Black horsemen get their due in son’s tribute

15 08 2006

Cowboy Logic reported today on a Philadelphia Inquirer article on black horsemen. From the article:

For a 10-year-old boy, spending a weekend in the company of men – expert horse trainers – working side-by-side, listening to their conversations, and sharing their equine victories can leave a lasting memory.

Lee E. Downing experienced that weekend treat in 1959 with his father, Thomas Downing, a dedicated horse trainer, and his father’s friends, African American men who held similar jobs in the American Saddlebred show-horse business.

In A Forgotten Horseman: A Son’s Weekend Memoir ($26, hardcover), Downing, who lives in North Wales, pays tribute to his father and other black horse trainers who, over months of rehearsing and grooming, prepared the horses for show competition.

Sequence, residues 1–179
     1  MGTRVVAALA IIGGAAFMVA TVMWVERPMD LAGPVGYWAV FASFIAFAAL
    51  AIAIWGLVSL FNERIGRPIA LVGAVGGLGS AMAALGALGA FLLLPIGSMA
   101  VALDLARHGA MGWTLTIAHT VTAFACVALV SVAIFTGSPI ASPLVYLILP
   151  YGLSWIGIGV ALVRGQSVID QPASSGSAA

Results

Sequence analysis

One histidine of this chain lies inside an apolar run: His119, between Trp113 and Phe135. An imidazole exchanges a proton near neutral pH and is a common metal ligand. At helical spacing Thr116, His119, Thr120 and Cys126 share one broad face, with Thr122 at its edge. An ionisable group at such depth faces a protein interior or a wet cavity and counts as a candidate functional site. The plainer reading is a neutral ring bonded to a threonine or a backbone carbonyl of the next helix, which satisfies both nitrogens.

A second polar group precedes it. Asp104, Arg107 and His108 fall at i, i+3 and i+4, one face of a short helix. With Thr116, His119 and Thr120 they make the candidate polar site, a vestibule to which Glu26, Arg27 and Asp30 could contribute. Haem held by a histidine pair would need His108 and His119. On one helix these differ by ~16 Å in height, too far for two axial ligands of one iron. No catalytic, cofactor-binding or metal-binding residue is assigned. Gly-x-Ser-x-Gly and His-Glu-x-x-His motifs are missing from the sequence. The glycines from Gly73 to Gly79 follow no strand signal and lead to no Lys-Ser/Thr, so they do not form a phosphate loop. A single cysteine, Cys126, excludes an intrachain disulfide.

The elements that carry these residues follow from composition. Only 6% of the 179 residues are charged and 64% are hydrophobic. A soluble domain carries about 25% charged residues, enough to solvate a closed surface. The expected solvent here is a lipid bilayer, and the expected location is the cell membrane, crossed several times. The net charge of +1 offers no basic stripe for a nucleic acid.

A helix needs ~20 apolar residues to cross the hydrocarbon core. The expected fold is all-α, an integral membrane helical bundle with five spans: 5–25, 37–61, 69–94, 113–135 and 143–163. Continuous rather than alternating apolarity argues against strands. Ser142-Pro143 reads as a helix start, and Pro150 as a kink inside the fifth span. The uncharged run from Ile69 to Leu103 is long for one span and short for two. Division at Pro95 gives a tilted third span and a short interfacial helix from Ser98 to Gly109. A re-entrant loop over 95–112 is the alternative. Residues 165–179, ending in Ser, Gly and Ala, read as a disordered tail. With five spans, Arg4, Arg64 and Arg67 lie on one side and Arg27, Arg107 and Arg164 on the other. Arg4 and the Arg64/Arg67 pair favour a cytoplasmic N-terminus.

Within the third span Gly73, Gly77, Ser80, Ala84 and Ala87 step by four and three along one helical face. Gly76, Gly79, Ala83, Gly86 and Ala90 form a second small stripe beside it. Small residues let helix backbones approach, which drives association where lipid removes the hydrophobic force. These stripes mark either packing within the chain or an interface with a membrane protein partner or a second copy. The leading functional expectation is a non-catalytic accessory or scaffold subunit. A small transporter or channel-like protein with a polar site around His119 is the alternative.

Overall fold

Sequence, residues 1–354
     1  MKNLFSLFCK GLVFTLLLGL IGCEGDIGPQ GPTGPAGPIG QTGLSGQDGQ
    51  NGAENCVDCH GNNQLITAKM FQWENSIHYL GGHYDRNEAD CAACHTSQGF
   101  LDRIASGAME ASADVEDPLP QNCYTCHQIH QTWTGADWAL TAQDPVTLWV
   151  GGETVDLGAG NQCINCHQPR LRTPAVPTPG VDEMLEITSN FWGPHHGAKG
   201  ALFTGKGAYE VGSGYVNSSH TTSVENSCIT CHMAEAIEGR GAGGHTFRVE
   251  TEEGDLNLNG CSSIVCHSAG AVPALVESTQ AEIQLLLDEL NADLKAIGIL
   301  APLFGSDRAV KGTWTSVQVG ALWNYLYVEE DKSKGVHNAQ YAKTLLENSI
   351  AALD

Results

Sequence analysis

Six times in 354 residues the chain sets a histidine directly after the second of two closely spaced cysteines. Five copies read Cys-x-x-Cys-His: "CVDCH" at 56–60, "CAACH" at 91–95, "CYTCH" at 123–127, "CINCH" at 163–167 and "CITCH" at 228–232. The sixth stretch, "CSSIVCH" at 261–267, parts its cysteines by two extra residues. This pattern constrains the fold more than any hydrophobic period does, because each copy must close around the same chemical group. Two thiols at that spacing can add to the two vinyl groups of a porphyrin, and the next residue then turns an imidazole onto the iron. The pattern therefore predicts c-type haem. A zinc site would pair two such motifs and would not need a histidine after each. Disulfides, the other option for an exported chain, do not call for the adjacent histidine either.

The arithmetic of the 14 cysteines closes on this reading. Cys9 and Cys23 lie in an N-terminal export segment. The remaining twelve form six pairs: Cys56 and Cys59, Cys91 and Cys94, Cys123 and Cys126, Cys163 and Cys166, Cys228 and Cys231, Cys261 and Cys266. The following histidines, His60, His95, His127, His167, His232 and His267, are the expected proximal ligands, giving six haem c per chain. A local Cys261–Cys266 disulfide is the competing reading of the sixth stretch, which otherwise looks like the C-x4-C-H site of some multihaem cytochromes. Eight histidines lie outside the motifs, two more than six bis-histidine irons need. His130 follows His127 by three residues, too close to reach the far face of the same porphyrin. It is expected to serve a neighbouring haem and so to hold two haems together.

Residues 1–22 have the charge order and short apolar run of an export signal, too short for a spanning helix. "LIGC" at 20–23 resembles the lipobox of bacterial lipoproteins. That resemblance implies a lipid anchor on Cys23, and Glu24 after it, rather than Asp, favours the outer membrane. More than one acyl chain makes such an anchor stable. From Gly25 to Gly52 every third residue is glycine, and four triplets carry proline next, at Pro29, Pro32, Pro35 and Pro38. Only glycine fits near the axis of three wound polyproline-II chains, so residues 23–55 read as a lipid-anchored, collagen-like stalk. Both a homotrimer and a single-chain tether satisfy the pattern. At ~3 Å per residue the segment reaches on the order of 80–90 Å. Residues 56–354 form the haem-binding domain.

It’s a fascinating story, and if you’re looking for a great late-summer read, this memoir would be a rewarding choice.

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15 05 2007
Book review: Riding Lessons by Sara Gruen « Bridlepath

[…] Black horsemen get their due in son’s tribute […]

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